Heroes

These researchers used science to make laundry packs a new way.

They want you to have clean clothes. And to make the world a better place.

These researchers used science to make laundry packs a new way.
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Seventh Generation

For the last nine years, Kay Gebhardt has had a demanding and often unsung (at least publicly) job.

If you've ever tried to get grass stains out of your kid's jeans or little dots of salad dressing out of a treasured silk blouse, you were probably concerned about whether they'd come out — but did you give much thought to the safety of the detergent you were washing your clothes in?

Kay's given it a lot of thought.


As a scientist for Seventh Generation, she's helped create the testing methods that determine if new products meet the company's strict and ambitious safety goals.

She knows each ingredient in a given product and what it does. And if she doesn't know, she makes it her business to find out.

"Our internal standards are the highest thing we try to achieve," she said proudly. "I never have to convince my colleagues about the right thing to do."

Over the last several months, Kay and her team have worked on an ambitious new product for Seventh Generation: laundry packs.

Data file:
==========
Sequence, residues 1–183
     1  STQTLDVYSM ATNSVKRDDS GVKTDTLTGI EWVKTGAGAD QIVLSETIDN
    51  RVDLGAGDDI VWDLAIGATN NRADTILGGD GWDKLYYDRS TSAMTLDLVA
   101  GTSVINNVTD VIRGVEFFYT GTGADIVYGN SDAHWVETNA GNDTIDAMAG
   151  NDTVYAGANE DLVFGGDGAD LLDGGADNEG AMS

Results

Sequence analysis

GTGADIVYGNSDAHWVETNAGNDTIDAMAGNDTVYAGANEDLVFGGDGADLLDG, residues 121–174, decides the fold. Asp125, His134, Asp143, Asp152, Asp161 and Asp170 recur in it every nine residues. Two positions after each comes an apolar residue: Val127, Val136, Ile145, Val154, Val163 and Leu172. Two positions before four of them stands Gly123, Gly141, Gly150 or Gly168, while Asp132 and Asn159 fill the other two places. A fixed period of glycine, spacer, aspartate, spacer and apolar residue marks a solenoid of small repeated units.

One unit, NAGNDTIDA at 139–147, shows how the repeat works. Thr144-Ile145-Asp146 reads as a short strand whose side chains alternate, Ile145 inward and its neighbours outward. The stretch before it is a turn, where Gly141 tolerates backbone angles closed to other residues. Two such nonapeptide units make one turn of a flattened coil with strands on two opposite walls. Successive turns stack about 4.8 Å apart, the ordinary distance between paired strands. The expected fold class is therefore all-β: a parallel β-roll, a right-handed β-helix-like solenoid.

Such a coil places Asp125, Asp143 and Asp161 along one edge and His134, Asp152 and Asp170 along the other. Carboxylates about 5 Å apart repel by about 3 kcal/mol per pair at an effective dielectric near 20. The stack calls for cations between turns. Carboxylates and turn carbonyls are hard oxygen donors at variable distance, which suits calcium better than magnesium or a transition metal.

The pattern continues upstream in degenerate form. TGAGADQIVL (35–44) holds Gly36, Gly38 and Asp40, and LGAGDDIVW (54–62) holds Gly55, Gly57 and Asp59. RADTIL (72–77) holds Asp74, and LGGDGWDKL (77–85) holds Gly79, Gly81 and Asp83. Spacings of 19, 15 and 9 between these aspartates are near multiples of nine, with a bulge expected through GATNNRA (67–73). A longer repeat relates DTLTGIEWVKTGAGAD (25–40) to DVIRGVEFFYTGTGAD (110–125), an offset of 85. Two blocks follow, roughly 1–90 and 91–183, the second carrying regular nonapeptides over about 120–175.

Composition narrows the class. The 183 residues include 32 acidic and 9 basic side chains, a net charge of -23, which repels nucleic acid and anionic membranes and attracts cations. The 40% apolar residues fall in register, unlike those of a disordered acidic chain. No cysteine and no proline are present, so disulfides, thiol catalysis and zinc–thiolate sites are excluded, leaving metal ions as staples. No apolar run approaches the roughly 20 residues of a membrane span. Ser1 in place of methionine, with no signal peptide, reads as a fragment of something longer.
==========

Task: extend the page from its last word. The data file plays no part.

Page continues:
Image by Seventh Generation.

If you don't know what laundry packs are, they're convenient little capsules of detergent that consumers can toss into the washer with their clothes.

Laundry packs promise a world with fewer moments like this.

Why is it so important to get laundry packs right?

In 2015, Consumer Reports wrote that they "strongly urge" families with small children to skip laundry packs containing liquid because of the "continued danger" they pose. One such danger?

Accidental ingestion.

It sounds kinda absurd, but curious kids sneaking into laundry cupboards, grabbing detergent packs, and trying to eat them is, unfortunately, a real thing that's happened.

Image via iStock.

In 2015, the American Association of Poison Control Centers reported that in 2014 there were 938 exposures to liquid or hybrid laundry packets that resulted in "moderate or major harm" (requiring extended treatment and resulting in permanent damage, such as loss of vision). And, sadly, four exposures to liquid or hybrid laundry packets resulted in death.